The Pentagon is planning to deploy thousands of USinfo-icon Marines and other military forces to East Asiainfo-icon in a bid to form a front against Chinainfo-icon, a new report has revealed.

According to the new plan, the administration of US President Donald Trump would authorize deploying Marine Expeditionary Units, or MEUs, to the region, the Wall Street Journal reported earlier in the week.

Comprising about 2,200 Marines complete with their own aircraft, tanks and other heavy weaponry, the MEUs will be deployed in rotating seven-month tours.

Some of the troops are said to be deployed from bases in the Middle East, where the US has been engaged in the so-called wars on terror for years in countries like Iraqinfo-icon and Afghanistaninfo-icon.

The US also has around 50,000 service members in Japaninfo-icon, almost 30,000 in South Koreainfo-icon, and 7,000 more in the Pacific territory of Guam.

The Pentagon is also expected to increase the number of its Marines deployed in Darwin, Australiainfo-icon, where there are already some 1,250 American troops deployed on rotating six-month tours.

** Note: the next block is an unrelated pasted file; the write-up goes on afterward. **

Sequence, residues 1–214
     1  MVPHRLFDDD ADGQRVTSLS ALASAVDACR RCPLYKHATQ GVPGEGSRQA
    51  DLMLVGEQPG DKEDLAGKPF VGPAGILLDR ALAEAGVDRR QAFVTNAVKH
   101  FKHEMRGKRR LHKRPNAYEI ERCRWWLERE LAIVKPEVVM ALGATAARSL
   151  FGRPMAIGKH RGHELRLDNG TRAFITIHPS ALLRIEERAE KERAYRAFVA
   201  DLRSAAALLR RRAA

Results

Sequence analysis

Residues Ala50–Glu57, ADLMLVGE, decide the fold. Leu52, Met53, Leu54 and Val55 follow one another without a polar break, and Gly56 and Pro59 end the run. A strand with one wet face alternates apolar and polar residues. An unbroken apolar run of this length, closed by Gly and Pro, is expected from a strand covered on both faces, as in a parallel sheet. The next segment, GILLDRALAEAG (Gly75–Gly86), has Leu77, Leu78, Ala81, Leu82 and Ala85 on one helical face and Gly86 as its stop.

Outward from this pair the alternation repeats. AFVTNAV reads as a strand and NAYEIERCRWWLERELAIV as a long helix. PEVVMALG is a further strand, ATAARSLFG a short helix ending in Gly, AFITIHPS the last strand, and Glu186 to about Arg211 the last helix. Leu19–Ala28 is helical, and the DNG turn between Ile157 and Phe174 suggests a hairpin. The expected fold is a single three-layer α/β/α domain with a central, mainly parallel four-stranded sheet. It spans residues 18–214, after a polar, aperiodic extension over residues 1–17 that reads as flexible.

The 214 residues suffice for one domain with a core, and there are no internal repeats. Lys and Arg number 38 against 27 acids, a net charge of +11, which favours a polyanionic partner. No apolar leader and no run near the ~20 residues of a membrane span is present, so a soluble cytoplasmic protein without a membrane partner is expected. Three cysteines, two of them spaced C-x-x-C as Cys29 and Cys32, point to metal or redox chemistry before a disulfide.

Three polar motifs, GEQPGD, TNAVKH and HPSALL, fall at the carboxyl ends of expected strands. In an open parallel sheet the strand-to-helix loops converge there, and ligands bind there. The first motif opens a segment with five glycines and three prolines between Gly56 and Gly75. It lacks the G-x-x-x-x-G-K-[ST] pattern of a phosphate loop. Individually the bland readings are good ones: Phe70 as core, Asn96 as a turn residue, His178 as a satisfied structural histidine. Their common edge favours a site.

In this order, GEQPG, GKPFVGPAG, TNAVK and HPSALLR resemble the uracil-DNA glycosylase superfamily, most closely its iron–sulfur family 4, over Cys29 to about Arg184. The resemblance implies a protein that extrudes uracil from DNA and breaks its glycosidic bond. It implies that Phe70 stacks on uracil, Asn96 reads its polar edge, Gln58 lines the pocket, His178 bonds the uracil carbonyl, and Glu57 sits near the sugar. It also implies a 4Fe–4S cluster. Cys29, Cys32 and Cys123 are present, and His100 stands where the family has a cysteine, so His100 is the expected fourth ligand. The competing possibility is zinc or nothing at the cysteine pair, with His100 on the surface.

According to the report, the pending deployments fall in line with America's new National Defense Strategy published earlier by the Trump administration which revolves around pushing against Russiainfo-icon and China's growing influence in the region.

"I believe the [National Defense Strategy] and other guidance requires us to adopt a more global posture and this will shape our future naval presence, especially in the Indo-Pacific region," said General Robert Neller, the commanding officer of the US Marine Corps.

 "We have to be present and engaged to compete," he added. The new defense strategy "will shape our future naval presence, especially in the Indo-Pacific region."

In order to counter China's rise, the US has also established strong trade and military ties with Indiainfo-icon.

India has begun holding trilateral naval exercises with the US and Japan that military experts say could eventually include Australia as well.

China is in a territorial dispute with India and with some of its other neighbors in the East and South China Sea. While strengthening its military, the country has been seeking a peaceful rise to a global power status.

In January, Admiral Harry Harris, the head of the US military's Pacific Command, said China was a "disruptive" power in the Indo-Pacific region and needed to be confronted.